Washington, D.C. – The Charity & Security Network (C&SN) hosted the third and final of its sanctions webinar series, Ask an Expert: UNSCR 2664 at One Year, on Dec. 6, 2023. C&SN’s legal analyst, Katherine Tomaszewski, was joined by key stakeholders who led the development and negotiations, conducted decades of advocacy and research efforts, and ultimately succeeded in securing the adoption of landmark UN Security Council Resolution 2664

UNSCR 2664 established a humanitarian carveout – specific allowances for a range of humanitarian, development, and peacebuilding-related work – across UN sanctions regimes, including the UN’s 1267 counterterrorism regime, a more targeted and restrictive set of prohibitions.

During the 90-minute webinar, panelists discussed the years of civil society advocacy that helped support the resolution, reflected on the negotiations that led to the resolution’s adoption, analyzed the impacts and current state of play, and considered strategies for extending UNSCR 2664 as applied to the UNSCR 1267 regime after the initial two-year review period, which ends on 9 December 2024. Panelists also explored recommendations for key stakeholders based on the in-depth analysis and recommendations in the Interpretive Note for U.N. Member States published by Harvard Law School’s Program on International Law and Armed Conflict (PILAC).

The Advocacy Behind the Adoption of 2664 

Before its adoption in December 2022, civil society organizations advocated for a humanitarian carveout to UN sanctions regimes for over a decade. Bérénice Van Den Driessche emphasized the important impact of civil society-led coalition work, the documentation of the impacts of sanctions on humanitarian work by field teams, and transforming this documentation into a call to action from researchers, think tanks, and international organizations (IOs), and nongovernmental organizations (NGOs). This ground-level context, in addition to training, and educational toolkits, was key to creating clear and actionable requests surrounding humanitarian carveouts that turned the large and often opaque issues around sanctions into feasible and tangible actions for member states.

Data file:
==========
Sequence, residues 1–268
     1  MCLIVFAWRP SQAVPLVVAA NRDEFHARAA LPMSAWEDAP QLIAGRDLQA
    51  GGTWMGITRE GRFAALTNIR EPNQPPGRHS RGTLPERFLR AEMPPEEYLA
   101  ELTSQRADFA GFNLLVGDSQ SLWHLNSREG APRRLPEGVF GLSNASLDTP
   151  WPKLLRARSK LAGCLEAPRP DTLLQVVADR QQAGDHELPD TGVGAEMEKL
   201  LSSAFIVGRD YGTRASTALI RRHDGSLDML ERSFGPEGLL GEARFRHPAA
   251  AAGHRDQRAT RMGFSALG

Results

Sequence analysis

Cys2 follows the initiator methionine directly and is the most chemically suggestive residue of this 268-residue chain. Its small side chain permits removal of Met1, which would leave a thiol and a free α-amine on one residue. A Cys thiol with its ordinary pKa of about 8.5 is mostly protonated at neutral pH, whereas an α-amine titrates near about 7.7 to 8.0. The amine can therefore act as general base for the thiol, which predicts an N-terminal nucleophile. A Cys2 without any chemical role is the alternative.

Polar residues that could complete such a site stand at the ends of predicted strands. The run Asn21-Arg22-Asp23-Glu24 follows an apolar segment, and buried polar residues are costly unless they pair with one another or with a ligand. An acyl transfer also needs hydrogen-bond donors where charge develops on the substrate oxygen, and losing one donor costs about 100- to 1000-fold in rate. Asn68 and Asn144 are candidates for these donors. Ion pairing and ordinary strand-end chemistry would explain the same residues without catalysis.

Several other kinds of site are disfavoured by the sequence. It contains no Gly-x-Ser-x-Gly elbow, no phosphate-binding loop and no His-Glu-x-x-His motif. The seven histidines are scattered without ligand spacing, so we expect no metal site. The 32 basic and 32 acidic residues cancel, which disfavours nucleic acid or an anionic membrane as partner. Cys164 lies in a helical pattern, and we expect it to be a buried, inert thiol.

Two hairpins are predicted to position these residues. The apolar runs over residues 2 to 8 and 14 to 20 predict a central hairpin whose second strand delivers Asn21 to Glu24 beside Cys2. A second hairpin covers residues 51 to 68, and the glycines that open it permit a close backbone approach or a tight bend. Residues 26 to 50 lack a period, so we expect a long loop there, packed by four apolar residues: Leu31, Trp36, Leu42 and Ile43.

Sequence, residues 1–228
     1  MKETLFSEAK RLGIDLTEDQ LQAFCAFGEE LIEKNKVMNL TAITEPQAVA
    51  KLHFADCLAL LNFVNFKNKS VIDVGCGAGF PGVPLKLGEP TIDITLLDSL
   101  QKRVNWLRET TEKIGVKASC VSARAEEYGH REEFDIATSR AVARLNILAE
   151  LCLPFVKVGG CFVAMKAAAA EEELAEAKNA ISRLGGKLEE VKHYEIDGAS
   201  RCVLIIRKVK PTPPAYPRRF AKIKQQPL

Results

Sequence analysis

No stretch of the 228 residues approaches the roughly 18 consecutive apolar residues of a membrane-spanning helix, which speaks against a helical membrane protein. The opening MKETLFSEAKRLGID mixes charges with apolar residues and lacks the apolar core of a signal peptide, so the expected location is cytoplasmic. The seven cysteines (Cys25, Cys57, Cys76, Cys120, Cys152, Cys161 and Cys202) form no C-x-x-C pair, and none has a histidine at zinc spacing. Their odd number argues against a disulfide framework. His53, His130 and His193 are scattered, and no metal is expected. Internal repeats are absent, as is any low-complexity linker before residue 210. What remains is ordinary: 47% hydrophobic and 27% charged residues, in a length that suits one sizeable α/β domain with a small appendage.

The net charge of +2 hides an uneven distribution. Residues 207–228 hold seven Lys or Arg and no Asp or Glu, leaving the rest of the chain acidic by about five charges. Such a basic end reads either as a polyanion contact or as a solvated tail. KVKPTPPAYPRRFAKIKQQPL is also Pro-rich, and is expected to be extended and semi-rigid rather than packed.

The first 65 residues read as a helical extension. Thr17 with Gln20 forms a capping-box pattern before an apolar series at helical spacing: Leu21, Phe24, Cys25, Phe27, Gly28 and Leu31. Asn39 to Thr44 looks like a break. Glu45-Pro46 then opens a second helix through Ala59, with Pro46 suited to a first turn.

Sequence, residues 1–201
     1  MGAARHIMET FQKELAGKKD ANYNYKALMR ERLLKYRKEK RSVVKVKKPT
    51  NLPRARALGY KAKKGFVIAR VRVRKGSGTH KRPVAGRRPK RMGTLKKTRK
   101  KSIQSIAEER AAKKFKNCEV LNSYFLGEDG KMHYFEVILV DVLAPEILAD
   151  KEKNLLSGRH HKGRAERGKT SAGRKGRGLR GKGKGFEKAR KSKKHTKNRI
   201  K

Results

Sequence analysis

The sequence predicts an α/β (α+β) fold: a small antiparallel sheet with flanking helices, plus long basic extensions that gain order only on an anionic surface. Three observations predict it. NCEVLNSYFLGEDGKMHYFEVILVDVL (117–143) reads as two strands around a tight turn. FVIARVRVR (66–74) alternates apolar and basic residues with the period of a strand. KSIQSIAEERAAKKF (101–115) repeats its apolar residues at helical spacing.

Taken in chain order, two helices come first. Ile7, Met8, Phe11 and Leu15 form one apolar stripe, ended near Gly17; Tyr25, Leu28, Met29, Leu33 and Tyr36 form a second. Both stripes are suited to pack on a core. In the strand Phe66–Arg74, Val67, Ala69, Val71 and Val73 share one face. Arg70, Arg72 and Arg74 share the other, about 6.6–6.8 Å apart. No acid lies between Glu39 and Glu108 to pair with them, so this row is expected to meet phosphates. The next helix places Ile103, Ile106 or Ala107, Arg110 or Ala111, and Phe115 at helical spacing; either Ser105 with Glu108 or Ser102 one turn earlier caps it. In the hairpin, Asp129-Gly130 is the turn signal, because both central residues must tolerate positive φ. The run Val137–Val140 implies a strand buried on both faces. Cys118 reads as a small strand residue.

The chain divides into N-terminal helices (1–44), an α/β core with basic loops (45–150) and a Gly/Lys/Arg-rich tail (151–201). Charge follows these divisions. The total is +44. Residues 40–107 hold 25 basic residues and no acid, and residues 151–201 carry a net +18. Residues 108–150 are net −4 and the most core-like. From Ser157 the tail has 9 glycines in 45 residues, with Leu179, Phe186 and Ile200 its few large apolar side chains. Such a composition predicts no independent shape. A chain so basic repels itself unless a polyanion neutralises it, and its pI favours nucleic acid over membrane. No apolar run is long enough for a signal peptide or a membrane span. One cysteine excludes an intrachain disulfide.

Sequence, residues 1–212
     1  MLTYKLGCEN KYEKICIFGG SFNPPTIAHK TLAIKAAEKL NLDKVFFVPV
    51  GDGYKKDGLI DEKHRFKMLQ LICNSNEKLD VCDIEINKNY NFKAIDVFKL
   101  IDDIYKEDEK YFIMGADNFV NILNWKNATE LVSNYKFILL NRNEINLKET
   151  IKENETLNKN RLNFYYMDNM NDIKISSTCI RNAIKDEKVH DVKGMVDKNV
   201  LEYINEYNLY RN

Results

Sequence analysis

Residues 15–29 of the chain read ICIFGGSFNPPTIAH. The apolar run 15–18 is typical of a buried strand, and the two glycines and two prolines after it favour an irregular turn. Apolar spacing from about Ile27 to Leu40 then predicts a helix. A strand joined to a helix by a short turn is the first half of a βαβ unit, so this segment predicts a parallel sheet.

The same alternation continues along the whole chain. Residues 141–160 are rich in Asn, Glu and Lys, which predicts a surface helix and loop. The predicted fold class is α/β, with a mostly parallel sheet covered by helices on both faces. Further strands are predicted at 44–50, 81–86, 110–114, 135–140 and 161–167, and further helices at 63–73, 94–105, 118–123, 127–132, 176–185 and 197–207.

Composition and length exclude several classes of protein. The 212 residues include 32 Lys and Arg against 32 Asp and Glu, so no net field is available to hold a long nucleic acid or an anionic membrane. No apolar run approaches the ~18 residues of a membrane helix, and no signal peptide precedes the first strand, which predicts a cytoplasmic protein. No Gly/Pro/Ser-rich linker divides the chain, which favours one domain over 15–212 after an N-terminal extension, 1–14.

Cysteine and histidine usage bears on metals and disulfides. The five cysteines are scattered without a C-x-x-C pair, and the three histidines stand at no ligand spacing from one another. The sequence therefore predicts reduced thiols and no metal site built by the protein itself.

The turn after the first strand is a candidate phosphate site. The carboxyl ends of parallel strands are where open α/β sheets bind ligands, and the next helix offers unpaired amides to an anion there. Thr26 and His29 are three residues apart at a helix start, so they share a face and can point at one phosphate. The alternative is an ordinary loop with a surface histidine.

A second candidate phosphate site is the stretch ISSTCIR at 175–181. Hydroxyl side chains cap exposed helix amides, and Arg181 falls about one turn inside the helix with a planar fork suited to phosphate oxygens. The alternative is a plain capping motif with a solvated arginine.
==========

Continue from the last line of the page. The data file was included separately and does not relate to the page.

Van Den Driessche also stressed that documenting and educating member states on the existing expansive due diligence and risk mitigation measures that humanitarian organizations have in place created a greater sense of understanding about the actual risk of aid diversion and terrorist financing, which in reality is quite low. 

The Negotiations and the Importance of the US-Irish Partnership 

The U.S. and Irish Missions spearheaded bringing UNSCR 2664 to fruition within the UN. Alex Hoey noted that the Biden administration had prioritized establishing humanitarian carveouts to sanctions regimes so as not to hinder humanitarian aid to innocent civilians in sanctioned areas. This priority grew from the results of the U.S. Treasury Department’s 2021 Sanctions Review, which revealed the negative impacts of U.S. sanctions on civilian populations, specifically on humanitarian assistance and delivery. The U.S. began officially discussing the idea of a humanitarian carveout in July 2022 and partnered with the Irish, who had already been pushing for a humanitarian carveout to the UN sanctions regime. 

James Kirk spoke about the history of the Irish mission and its priorities to push for the protection of humanitarian space. Prior to UNSCR 2664, this involved advocating for relevant language around international humanitarian law (IHL) and international human rights law (IHRL) in UN sanctions regimes, particularly those in the Democratic Republic of the Congo, the Central African Republic, Mali, and the 1267 regime. He noted that these building blocks helped shift the mindset of other Security Council members towards a sanctions policy that prioritized IHL and IHRL and paved the way for broader action through UNSCR 2664. 

Both Hoey and Kirk stressed the importance of the role that civil society played in their ability to draft the resolution and ultimately adopt it. Listening to civil society organizations, who are the most familiar with the true impacts of sanctions on the ground, and the actual hindrances of asset freeze measures on humanitarian aid, allowed them to not only communicate the need for this resolution but also draft a resolution that would make a positive difference in its implementation.